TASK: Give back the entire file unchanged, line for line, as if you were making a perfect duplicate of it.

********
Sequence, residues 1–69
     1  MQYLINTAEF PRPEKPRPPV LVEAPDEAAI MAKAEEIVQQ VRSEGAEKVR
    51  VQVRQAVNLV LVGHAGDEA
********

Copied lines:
Sequence, residues 1–69
     1  MQYLINTAEF PRPEKPRPPV LVEAPDEAAI MAKAEEIVQQ VRSEGAEKVR
    51  VQVRQAVNLV LVGHAGDEA